LUKASZEWSKI Via crusis • Stephen Layton, cond; Iestyn Davies (ct); Allan Clayton (ten); Andrew Foster-Williams (bar); Roger Allam (nar); Polyphony; Britten Snf • HYPERION 67724 (55: 24)
The harrowing journey of Christ with the Cross—or Via crucis—is possibly most famously documented in music by Liszt. Meurig Bowen’s excellent booklet note reminds us that Marcel Dupré penned his Le chemin de la croixRead more as his op. 29 for organ, and William Mathias structured his Organ Concerto on the 14 stations. Lukaszewski, unlike Liszt and Dupré, includes the final 15th Station, that for the empty tomb and the resurrection.
Pawel Lukaszewski was born in 1968 in the southern Polish town of Czestochowa, home of the Black Madonna presently resident in the Jasna Góra monastery, a relic that attracts a huge number of pilgrims and remains a vital part of the nation’s being. Lech Walesa donated his Nobel Prize medal to the monastery in 1982; Pope John Paul II celebrated Mass on the monastery steps in 1979. There is a previous Lukaszewski issue on Hyperion 67639, a disc that presents a sequence of shorter works written between 1992 and 2007. There again, the conductor is Stephen Layton. Polyphony has scored previous hits with tremendously popular discs of Morten Lauridsen (Lux aeterna, 67140) and Eric Whitacre (Cloudburst, 67543).
The soloists take on various roles: countertenor takes on Evangelist; the tenor sings Pilate and the prophet Simeon; and the baritone is Jesus. The use of a countertenor as Evangelist is effective, especially with Iestyn Davies, whose pure but plaintive voice takes on a haunted, otherworldly quality, especially telling as he describes the piercing of Christ’s side at the cross (Station XIII). Lukaszewski associated each voice with an instrument: the high countertenor part is doubled by bass clarinet; the Christus part is “shadowed” by an alto flute. There is also a memorable pianissimo passage for solo voices from the choir (a setting of Isaiah 53:4–5, “Surely he has borne our griefs”).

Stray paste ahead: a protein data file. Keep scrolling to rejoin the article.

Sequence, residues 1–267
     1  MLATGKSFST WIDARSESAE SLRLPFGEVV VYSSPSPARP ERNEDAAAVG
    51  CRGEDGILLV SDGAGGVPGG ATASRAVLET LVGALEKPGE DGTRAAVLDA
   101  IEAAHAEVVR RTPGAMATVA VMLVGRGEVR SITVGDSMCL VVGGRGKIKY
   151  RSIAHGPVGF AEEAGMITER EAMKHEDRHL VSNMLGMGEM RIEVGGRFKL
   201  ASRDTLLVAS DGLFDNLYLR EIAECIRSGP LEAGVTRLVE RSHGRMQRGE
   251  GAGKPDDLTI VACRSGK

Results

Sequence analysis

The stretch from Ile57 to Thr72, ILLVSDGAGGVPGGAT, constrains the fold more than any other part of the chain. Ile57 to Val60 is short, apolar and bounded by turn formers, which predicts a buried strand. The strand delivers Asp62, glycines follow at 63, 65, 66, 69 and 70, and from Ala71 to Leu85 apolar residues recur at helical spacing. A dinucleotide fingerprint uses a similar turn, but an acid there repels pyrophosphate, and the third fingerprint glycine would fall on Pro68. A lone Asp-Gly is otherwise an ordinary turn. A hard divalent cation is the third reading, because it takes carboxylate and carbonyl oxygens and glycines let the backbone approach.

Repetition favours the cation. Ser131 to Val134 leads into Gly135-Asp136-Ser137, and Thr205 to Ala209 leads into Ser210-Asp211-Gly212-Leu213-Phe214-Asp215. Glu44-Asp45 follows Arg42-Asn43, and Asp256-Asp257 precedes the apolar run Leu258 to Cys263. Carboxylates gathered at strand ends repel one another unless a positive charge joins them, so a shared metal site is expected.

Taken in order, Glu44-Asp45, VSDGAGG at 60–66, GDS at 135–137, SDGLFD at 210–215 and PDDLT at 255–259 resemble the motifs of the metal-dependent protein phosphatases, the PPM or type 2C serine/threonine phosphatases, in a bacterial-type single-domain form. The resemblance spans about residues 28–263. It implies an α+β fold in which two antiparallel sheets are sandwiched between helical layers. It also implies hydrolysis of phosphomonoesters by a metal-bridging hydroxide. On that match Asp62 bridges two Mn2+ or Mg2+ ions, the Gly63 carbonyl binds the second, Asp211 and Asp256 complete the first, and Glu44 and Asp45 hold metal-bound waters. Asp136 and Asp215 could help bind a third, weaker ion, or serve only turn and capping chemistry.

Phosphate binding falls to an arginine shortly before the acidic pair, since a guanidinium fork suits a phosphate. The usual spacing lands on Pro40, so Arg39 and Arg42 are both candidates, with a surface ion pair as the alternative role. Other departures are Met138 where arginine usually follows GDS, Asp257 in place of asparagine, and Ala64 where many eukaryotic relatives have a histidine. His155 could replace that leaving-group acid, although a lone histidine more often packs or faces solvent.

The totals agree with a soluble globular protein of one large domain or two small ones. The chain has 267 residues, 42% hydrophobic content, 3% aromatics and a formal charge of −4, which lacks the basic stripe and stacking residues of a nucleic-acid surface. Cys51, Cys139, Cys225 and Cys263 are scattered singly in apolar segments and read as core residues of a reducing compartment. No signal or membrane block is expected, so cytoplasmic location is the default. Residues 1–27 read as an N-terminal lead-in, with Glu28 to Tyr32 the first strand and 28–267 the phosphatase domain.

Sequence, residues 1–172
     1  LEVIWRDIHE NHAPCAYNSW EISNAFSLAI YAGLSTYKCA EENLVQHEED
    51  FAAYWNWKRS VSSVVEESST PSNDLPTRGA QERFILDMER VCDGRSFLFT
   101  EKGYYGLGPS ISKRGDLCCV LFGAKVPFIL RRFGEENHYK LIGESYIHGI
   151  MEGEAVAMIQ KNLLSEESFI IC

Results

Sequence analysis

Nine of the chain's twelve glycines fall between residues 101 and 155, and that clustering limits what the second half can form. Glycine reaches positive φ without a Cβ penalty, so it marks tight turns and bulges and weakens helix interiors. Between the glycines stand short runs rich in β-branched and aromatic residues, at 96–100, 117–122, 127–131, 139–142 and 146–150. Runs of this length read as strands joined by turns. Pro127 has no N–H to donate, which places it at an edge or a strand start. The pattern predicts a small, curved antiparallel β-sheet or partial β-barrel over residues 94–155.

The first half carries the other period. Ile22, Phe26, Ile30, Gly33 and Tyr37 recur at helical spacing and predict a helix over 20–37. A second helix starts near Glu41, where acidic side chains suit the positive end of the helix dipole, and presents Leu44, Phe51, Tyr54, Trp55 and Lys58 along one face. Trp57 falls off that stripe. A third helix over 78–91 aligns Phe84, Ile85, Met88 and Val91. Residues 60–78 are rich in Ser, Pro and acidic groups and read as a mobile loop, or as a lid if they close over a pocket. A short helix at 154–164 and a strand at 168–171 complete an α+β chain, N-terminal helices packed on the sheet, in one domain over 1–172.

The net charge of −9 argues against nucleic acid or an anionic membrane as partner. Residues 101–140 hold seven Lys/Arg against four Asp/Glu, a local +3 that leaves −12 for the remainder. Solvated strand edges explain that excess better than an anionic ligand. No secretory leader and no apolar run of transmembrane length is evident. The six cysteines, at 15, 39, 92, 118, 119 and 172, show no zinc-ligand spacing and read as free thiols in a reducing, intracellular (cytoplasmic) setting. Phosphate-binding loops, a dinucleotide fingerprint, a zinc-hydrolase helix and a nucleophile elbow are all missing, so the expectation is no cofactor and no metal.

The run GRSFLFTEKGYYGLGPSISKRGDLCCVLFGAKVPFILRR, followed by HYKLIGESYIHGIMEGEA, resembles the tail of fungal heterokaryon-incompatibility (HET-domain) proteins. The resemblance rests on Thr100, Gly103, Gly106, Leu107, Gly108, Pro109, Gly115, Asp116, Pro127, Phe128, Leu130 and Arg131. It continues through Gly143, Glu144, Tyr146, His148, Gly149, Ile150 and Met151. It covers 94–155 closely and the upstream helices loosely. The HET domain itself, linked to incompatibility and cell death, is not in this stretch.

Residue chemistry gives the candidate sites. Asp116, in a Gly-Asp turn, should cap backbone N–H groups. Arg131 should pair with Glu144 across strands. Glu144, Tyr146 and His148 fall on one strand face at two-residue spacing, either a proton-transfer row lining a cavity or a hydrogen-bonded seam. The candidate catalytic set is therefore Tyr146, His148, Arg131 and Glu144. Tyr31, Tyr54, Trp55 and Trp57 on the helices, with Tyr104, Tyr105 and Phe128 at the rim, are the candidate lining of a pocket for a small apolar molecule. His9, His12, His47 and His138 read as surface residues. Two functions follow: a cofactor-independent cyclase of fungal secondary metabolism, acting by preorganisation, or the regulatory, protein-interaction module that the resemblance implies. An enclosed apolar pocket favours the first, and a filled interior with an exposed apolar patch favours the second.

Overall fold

Roger Allam, an associate artist of the Royal Shakespeare Company, is a clear, confident Narrator. Allan Clayton’s voice is beautiful of tone in Station IV (the prophet Simeon sings Luke 2: 34–35, “Behold, he is set for the fall”). Andrew Foster-Williams, the baritone who takes the role of Christ, portrays a saddened, mournful, but wise figure.
There is something very Orffian about the opening (think “O fortuna”). Minimalist elements touch Lukaszewski’s writing also. Lukaszewski sets the text in Latin, emphasizing the sense of ritual. Structurally, repetition is vital to Lukaszewski’s interpretation of the Stations, something heard in microcosm in the minimalist-tinged passages. A recurring transition between each Station scored for woodwind quartet against open fifths in the horns and lower strings is based on a Polish folk tune. These are deliberately neutral passages; they sound blanched, almost mechanical. The composer refers to these moments as “the reset function,” and they offset the intimate or dramatic nature of the music around them.
The dynamic range of the recording easily supports the climactic moments; it also renders every detail of the almost whispered passages (as towards the end of Station IX, or the extended Station XII, the station that portrays Christ’s death). It is, in fact, a magnificent sonic spectacle. The producer is Adrian Peacock, himself a superb bass singer.